Smoking hookah which is popular in Middle East and North Africa with growing demand everywhere, can be more damaging than cigarettes, warn World Health experts.
"A single puff from a water pipe is nearly equal to the volume of smoke inhaled from an entire cigarette," said The Tobacco Atlas launched at the World Conference on Tobacco OR Health in Abu Dhabi. And World Health Organization tobacco expert Edouard Tursan d'Espaignet said "one session of shisha (water pipe) can be equal to smoking 20 to 30 cigarettes in one go, which can be very dangerous."
The water pipe, variously known as a hubbly-bubbly, hookah, shisha or nargileh, has become a major worry for anti-tobacco campaigners as its is popularized across university campuses, overlooked by regulators. In recent years, its use has spread to the United States, Europe and, to a lesser extent, South America.
The chairman of pathology and laboratory medicine at the American University of Beirut, Ghazi Zaatari, says aromatic flavorings known as maasal added to the tobacco offer younger smokers a "smoother and more tolerated" alternative to the taste of traditional tobacco. And the water pipe has an interesting design because it somewhat engages your five senses. "You're holding the hose, there's something you're looking at, there is the aroma, there is the sound of the bubbling and there is this kind of sensational thing with the social gathering."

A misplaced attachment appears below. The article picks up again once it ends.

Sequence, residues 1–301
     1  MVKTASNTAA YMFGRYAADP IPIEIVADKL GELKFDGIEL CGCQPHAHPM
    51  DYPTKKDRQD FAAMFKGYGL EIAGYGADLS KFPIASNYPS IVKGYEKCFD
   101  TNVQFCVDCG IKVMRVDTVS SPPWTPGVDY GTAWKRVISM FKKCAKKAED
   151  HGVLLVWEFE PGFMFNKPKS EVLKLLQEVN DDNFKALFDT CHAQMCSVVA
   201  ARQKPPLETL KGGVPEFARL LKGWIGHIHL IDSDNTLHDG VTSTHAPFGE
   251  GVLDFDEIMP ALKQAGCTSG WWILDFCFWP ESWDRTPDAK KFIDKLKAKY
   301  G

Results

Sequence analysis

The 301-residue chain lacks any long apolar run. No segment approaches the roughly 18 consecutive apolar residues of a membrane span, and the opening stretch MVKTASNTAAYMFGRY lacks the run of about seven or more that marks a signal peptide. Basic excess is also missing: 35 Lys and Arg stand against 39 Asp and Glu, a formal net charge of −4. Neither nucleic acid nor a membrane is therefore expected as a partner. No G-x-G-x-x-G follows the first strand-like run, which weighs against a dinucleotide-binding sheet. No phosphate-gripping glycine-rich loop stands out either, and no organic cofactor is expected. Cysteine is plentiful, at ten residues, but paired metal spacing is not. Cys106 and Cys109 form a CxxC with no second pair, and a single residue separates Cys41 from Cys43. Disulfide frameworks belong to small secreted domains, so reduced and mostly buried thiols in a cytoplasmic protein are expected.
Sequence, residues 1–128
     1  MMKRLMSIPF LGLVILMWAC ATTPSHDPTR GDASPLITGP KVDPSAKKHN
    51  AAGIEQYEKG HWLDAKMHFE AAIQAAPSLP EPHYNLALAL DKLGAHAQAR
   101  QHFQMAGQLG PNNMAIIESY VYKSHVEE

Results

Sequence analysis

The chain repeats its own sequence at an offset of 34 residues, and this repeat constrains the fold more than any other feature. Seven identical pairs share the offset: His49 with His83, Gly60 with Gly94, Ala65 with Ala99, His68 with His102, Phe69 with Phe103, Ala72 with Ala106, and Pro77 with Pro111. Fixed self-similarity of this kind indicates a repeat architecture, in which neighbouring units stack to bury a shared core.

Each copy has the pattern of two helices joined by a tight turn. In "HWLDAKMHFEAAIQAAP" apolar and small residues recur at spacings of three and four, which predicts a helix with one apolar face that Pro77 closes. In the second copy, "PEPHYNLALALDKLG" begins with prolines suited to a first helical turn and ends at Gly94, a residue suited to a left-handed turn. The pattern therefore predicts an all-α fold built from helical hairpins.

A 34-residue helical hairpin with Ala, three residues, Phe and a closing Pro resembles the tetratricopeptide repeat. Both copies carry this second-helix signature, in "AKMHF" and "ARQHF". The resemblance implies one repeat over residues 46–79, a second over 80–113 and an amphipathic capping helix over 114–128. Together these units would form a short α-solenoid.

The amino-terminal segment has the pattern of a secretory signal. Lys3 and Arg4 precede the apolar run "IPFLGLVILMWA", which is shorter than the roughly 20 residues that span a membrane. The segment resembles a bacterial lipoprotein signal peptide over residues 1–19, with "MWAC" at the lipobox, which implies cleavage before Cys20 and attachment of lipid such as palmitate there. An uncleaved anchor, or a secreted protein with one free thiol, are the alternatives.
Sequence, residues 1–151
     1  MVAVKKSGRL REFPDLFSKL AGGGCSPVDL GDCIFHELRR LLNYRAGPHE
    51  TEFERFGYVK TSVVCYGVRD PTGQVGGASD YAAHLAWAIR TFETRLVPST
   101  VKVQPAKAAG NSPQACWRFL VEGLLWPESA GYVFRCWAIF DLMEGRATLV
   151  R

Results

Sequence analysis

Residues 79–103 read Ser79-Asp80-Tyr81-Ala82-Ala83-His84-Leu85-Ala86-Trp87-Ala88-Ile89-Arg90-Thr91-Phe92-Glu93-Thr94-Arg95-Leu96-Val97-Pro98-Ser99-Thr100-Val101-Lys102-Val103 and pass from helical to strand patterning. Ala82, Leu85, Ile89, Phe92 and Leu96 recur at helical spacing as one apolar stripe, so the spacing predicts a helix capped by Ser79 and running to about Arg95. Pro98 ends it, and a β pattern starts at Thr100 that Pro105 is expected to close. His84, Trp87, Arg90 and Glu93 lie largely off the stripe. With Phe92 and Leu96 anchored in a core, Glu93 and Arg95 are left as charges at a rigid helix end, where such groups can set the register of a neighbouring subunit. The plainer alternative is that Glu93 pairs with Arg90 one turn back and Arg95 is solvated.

In social gatherings that last for an average of an hour, the smoker can quickly get "hooked on it because of the nicotine. Moreover, the smoke from charcoal used to heat the tobacco contains toxins."
The WHO said harmful effects include impact on the "respiratory system, cardiovascular system, oral activity and teeth."
In addition to the dangers of lung cancer, data also suggest probable associations with oral, esophageal, gastric, and urinary bladder cancer, as well as chronic bronchitis, cardiovascular disease, stroke as well as other illnesses.
Global tobacco companies are increasingly investing in the water pipe business, experts say, while little has been done to curb their use, despite a crackdown on cigarettes. According to The Tobacco Atlas, "water pipes fall into a less heavily or unregulated group of tobacco products" in most countries. "There has been a gap for a while and now hopefully, with this global effort, they (tobacco regulators) are coming back to emphasize the importance of including the water pipe in all these policies and regulations on tobacco," Zaatari said.
Brazil has taken measures to ban flavorings, while Turkey has extended warning labeling from cigarette packets to include the water pipe. And the ruler of the UAE emirate of Sharjah has banned the use of water pipes altogether, earning him an award this week from the WHO.